In China, where food production is not stringently regulated and animals are often raised in dire conditions, public attitudes also favor protections for animals raised for food. A 2005 poll conducted there by the International Fund for Animal Welfare found that 90 percent of respondents believed that they had a moral duty to minimize animal suffering, and 77 percent favored legislation to do so.
And there are signs that attitudes among China's commercial and political power brokers are beginning to shift. In 2007, the director of the Beijing Chaoyang Anhua Animal Product Safety Research Institute and the president of the Chinese General Chamber of Commerce signed a memorandum of understanding on humane slaughter with the World Society for the Protection of Animals. The agreement calls for efforts, including training, to ensure the humane transport, handling, stunning, and slaughter of farm animals in China. As of August 2009, more than 2,300 people from nearly 950 companies from different parts of China had received training on animal welfare. Given the size and scale of China's animal agricultural industry, these numbers may seem insignificant; what is important is that business leaders, scientists, and other stakeholders in the country have made such a commitment and are making available educational modules on the treatment of farm animals.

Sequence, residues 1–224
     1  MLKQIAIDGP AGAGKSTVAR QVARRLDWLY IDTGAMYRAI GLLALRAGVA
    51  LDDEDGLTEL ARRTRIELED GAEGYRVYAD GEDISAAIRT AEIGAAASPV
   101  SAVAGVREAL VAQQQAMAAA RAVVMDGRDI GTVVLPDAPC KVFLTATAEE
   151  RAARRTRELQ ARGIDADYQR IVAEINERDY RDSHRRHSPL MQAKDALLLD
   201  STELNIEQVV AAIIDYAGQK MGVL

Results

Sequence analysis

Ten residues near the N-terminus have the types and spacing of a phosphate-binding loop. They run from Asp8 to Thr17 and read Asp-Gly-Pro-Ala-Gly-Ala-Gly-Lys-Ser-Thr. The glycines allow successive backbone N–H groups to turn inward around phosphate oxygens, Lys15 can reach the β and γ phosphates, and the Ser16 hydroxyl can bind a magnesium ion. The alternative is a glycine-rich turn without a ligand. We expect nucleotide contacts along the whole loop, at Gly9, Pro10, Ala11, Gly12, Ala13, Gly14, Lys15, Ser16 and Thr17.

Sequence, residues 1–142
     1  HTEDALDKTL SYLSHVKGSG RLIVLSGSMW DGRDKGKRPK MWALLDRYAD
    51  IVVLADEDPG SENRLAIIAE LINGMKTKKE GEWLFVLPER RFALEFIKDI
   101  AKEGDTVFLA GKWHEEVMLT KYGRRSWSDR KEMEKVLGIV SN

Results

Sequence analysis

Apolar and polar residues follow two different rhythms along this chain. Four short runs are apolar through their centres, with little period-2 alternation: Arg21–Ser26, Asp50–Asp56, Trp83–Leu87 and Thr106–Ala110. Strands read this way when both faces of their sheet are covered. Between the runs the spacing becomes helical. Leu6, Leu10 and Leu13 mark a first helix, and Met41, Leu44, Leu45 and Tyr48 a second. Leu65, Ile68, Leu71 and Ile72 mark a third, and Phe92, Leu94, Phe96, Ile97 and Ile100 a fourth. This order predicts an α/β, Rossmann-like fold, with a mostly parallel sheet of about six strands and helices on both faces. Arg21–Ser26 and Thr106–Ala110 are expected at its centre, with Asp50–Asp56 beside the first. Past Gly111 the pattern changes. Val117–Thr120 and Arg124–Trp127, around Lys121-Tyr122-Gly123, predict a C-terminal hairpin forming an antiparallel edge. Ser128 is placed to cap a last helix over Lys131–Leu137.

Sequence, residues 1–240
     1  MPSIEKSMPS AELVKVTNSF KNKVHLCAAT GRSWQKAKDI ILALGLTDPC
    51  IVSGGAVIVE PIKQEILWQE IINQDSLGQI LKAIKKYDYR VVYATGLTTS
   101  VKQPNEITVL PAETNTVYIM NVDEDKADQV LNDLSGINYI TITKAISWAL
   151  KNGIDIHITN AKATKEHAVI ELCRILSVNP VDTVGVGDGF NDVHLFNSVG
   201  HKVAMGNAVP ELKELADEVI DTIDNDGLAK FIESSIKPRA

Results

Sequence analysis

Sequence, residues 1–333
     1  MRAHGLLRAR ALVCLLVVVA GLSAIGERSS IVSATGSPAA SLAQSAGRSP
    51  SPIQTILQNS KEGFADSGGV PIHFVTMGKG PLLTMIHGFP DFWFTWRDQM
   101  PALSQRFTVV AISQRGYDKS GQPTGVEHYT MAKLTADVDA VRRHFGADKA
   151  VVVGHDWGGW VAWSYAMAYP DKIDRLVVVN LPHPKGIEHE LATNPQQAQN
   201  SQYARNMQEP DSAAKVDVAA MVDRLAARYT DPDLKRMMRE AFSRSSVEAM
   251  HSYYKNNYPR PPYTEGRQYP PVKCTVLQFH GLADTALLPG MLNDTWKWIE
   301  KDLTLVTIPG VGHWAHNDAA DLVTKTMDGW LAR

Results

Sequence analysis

Also in 2007, a team of Chinese legal experts submitted a draft proposal of an animal protection law to the Standing Committee of the National People's Congress. The proposed law would be China's first piece of national legislation on animal welfare and would afford basic protections to animals on farms, in laboratories, and in the entertainment industry, as well as to pets, service animals, and wild animals. Although the law has not yet passed, its basic principles, which acknowledge the need to protect animals and regulate the treatment of them, are a sign of changing attitudes. Chang Jiwen, one of the law's drafters and a researcher with the Law Institute of the Chinese Academy of Social Sciences, told the Xinhua News Agency in 2009 that he is "convinced -- along with the enhancement of people's awareness of animal welfare -- laws and regulations in this respect will become more sophisticated and complete."
WELFARE GOES GLOBAL
Although national legislation plays a key role in improving the welfare of animals raised for food, it is not the only answer. Indeed, even in those countries with animal protection laws, monitoring and enforcement mechanisms are limited. In a growing number of cases, the consumer marketplace is driving new policies, and international organizations are helping raise consciousness and fill the gaps left by national laws.